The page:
Homesteading and Livestock

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Feeding Cows on a Micro Dairy

3/20/2014 9:24:00 AM

Tags: micro dairy, dairy cow, family cow, Vermont, Steve Judge

cowsThere are two ways to manage your cow-feed regimen — for maximum milk production or to ensure that your cows live a long, happy and healthy life. Thus, the cow management goals for a micro dairy can be very different from the goals on a large commercial dairy. Large operations usually feed their cows a diet designed to fully utilize the cow’s genetic capacity to produce milk.

This strategy is good if your goal is more cheap milk, but it is hard on the cows and keeps them on the verge of metabolic collapse. This is why the average lifespan of a cow on a commercial dairy farm is only four and a half years.

As you might know by now, I don't feed my cows to maximize their milk production.  Rather, my primary goal is to keep my animals healthy, clean and in good condition on the theory that healthy cows produce a healthy amount of milk.  Does this make sense from a business perspective?  It does for me. A healthy cow can easily live to the ripe, old age of 15.  In fact, the oldest cow I milked was 17 years old before I retired her.  I was able to enjoy a return on my investment in raising her for 12 ½ years longer than the average commercial dairy cow.

I am often asked if I feed my cows grain. Yes, I do. I feed them grain with their hay and baleage. Again, this is because my goal is to maximize the cow’s health and lifespan, not her milk production. I carefully considered feeding a grain-free diet but decided against it.  You see, modern dairy cows have been bred for generations to produce way more milk than they would for their calves in a "state of nature". They are not "natural" critters. As a result, most lactating cows will burn their body fat and tissue to make milk if their feed is not supplemented with some sort of concentrated feed or grain that helps them maintain their body condition.  Again, it is a case of your goals.  My goals are healthy cows and moderation in all things.  To keep my cows healthy while they are "in milk" I feed them a high energy, high fat and low-in-protein mix of corn meal top dressed with a 14% protein grain. Each cow gets about eight pounds per day in addition to all the hay she can eat.

During the winter when my cows spend more time in the barn and the pasture is covered by snow, I feed a combination of dry, second-cut hay, also called rowen, and ensiled wrapped- round second-cut bales in addition to the grain.  I store the small square bales of rowen in the hayloft, or mow, of my barn. I store the wrapped bales outside and  keep them elevated off the ground on Hemlock two-by-six planks and covered with a layer of plastic, in addition to the wrap, to keep them dry and mold free.  When it is time to feed them, I move the bales to a small shed adjacent to my barn where I put them on a pallet and unwrap them.  I unroll the bales by hand and bring the hay to the cows as needed.  Feeding cows dry hay is very important for the health of their rumens, one of their five stomachs where most of the digesting takes place.  I try to make sure my cows have several pounds of dry hay or rowen per day.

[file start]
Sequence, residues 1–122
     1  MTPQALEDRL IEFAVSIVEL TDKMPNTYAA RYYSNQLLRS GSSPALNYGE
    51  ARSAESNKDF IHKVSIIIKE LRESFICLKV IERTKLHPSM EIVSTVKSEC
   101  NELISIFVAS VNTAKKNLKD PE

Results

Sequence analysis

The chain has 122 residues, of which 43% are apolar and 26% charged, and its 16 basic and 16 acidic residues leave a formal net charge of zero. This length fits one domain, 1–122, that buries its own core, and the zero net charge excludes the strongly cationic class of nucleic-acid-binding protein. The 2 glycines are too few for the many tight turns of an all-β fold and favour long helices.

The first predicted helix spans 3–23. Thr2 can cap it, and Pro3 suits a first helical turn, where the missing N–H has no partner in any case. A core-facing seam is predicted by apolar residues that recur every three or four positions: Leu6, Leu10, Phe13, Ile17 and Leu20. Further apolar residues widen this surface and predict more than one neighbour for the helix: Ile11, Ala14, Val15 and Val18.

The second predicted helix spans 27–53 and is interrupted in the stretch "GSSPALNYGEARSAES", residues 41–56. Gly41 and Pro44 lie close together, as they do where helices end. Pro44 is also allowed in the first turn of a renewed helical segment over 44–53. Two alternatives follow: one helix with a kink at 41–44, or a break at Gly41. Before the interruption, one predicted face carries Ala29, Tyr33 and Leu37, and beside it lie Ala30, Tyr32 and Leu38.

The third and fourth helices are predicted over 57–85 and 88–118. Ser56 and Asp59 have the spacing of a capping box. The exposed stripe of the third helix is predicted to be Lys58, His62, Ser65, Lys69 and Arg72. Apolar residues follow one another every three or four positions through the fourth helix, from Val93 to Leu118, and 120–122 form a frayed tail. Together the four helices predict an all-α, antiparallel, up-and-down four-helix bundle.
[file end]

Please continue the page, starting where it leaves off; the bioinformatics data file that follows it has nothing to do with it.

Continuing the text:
In addition, cows that are milking need salt and some mineral supplements with their feed. This is a topic for conversation with your veterinarian or your dairy nutritionist.  In general,  having a salt-mineral block available for the cows to lick daily is a good idea.  Be sure to keep your eyes on the cows.  Some mineral deficiencies can make it difficult for the cows to come into heat, get pregnant or produce milk.. Again, talk to your vet if you have any concerns about your cows’ diets or health.

stanchion

Probably the most important discovery dairy farmers made about feeding cows in the 20th century is that a healthy cow is either eating, sleeping or chewing her cuds. Cows need feed in front of them all the time when they are confined in a barn. You need to recreate the atmosphere of being outside on pasture. And the feed needs to be kept fresh.  I feed my cows' hay and grain morning and night when they are milking and I try to check on them at noon to make sure they have enough fresh hay.

One of the most important discoveries I have made regarding feeding cows in a micro dairy tie barn is the need for manger backstops.  Manger backstops were common up until a few decades ago when all feeding was done by hand (as you can see in the old barn design attached).  But, they fell out of fashion when farmers started to use mechanized feed carts to put feed in mangers.  The backstops were in the way so they flattened out the mangers.  We built an experimental backstop out of plywood in our barn a few years ago and it works great.  It keeps the feed in front of the cows at all times and helps to stop the cows from stealing feed from their neighbor.  Also, my cows are less inclined to get down on their knees and stretch to reach feed with a backstop in place.  As a result, they are less likely to poop on their stall treads, so everything stays cleaner.

Finally I try to feed my cows a consistent diet.  If I make changes I make them slowly.  Why? Cows love routine.  They are very happy being fed the same diet every day as long as it is a healthy diet and they are fed enough.  They don't need or want variation.  As usual, I try to keep everything as simple as possible.  When I find something that works I stick with it. Pasture with a bit of grain is ideal.  When the pastures are covered with snow, dry hay and a bit of grain is the next best feed.



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